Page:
Nathan Roach

Lawyer, Advisor, Investor, Entrepreneur.

An update on my service, and the LTE / WiMAX conundrum

<p>I <a href="">wrote about Clear</a> when it was first launched in San Antonio. &nbsp;The TLDR version of that article is that I had mixed feelings about the service from a business perspective, but felt that the technology was promising. &nbsp;I've been using Clear's service now for almost four months, and <a href="">that article</a> has gotten some decent traffic and <a href="" target="_blank">cross-links</a>, so another update is due. &nbsp;Here are the big changes since I last looked at them:</p>

The pricing "for life" pitch is gone.

This was probably just a promo deal, but when the service launched, you could get mobile for $30/mo and home+mobile for about 50-60/mo "for life". The home+mobile is really just two lines of service.  There's no reason you couldn't have both lines acting as mobile. The current two-line plan adds a teaser rate, but drops the guaranteed pricing: "Pay only $30/month for the 1st two months, then $55/month thereafter." The single-line plan is even cheaper up front but winds up being more expensive long-term: "Pay only $15/month for the 1st two months, then $40/month thereafter."

They may be capping speeds.

It also looks like there *might* be speed caps now.  The old plan offered unlimited download speeds, which I read as meaning that the actual download speed of your connection was limited only by the WiMAX protocol's limits and that bandwidth that's provisioned to the towers.

The new mobile plan advertises "unlimited internet usage" and "download speeds up to 6.0 Mbps".  In reality, I never saw more than 6 megs down on the unlimited plan, but there is a difference between unlimited usage with a "speed limit" of 6.0 Mbps and uncapped, unlimited usage.  I can't tell if this was actually implemented as a technological "hard cap" or whether it's just a more accurate re-wording of their legalese.  

You can get contract-free pricing if you're careful.

Once you get to the sign-up link, you can choose a 2-year Agreement or Month-to-Month.  DO NOT CHOOSE THE AGREEMENT. The only benefit to the agreement is that you can add the equipment as a monthly leased expense. WIth month-to-month you have to pay for the equipment up front.  Still, the cost of leasing equipment almost never works out in the customer's favor.  Ever since the Carterfone decision, operators have been prohibited from requiring only their own equipment on telephone networks, and while I don't know if Clear's internet-only offering would be covered, it's a safe bet that you should pick up your own gear if you can. After all, you don't want to wind up paying $4,900 for use of rotary phone, do you?  Besides, you can get 4G USB adapters on Ebay for $10-$15.  Why pay monthly for cheap hardware?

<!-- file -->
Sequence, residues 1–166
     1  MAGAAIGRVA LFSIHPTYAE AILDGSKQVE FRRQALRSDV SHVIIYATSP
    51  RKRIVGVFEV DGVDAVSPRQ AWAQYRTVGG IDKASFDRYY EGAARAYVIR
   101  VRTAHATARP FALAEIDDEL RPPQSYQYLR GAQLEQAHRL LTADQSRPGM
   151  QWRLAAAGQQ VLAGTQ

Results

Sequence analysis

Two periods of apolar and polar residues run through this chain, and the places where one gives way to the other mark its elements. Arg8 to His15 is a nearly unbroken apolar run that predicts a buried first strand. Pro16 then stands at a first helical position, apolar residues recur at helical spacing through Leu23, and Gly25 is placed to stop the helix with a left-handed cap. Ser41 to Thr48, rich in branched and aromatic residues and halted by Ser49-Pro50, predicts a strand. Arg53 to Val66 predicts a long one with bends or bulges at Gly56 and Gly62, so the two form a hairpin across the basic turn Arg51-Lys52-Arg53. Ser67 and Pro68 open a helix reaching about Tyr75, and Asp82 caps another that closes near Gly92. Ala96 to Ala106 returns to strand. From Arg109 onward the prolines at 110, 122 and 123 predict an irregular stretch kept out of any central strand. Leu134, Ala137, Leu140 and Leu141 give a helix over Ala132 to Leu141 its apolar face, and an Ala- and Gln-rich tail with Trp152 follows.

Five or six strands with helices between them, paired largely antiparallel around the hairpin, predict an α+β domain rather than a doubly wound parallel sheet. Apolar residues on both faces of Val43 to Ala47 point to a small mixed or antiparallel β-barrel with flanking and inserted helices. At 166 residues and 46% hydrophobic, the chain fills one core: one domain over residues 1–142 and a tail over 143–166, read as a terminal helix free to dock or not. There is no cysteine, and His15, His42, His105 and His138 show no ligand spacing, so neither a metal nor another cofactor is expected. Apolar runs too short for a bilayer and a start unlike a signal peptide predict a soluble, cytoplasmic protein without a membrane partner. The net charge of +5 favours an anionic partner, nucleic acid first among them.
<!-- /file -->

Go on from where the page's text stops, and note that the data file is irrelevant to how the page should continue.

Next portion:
You can get Clear service from your Cable Co.

Clear has agreements with Sprint, Time Warner, and Comcast.  These guys are just re-branding the Clear service, and selling it at a markup.  Time Warner calls theirs "Road Runner Mobile". I know Sprint holds an interest in Clear, and it's possible that TW and Comcast do as well.  Unless you prefer the convenience of consolidated billing, or just love cable company customer service, you can probably save some money buying directly from Clear.

LTE is coming, 4G+ is here.

With technology, there's always the "next greatest thing" right around the corner.  Heck, WiMAX deployments are still relatively cutting edge.  AT&T is still pushing 3G on the iPhones and iPad. (article on this to follow).  But, LTE is another kind of 4G technology that could offer a 2x to 10x improvement over WiMAX, depending upon how the carriers deploy it.  Verizon is pre-announcing LTE gear already.

And, Clear has implemented plans they're calling 4G+ that can fall back to 3G (on Sprint's EVDO network), but with limitations on speed and total transfer.  There's probably enough for a separate post just on LTE and WiMAX, and Clear has made some public statements about possibly moving to LTE when it's more broadly available.  So, this could get interesting. 

Would I recommend it?

Clear's service isn't flawless.  But it's good enough that I've switched to it full-time at home and keep a mobile USB adapter in my laptop bag.  I just called Time Warner and scheduled a disconnect.  Between free over-the-air HDTV and Clear's wireless internet, I can cut the cord.  If you're a speed junkie, you'll still get faster speeds on a wired cable modem.  If you use VOIP extensively and aren't in a strong coverage area, calls on Clear's network can be choppy.

I'm happy enough with it to run Clear as my only ISP.  But I'm also tolerant of bleeding-edge technology glitches and can troubleshoot most problems myself.  I think Clear is mostly there in terms of being ready for mainstream adoption.  As long as they can keep enough bandwidth to the towers and they don't over-subscribe users, I think they'll be fine.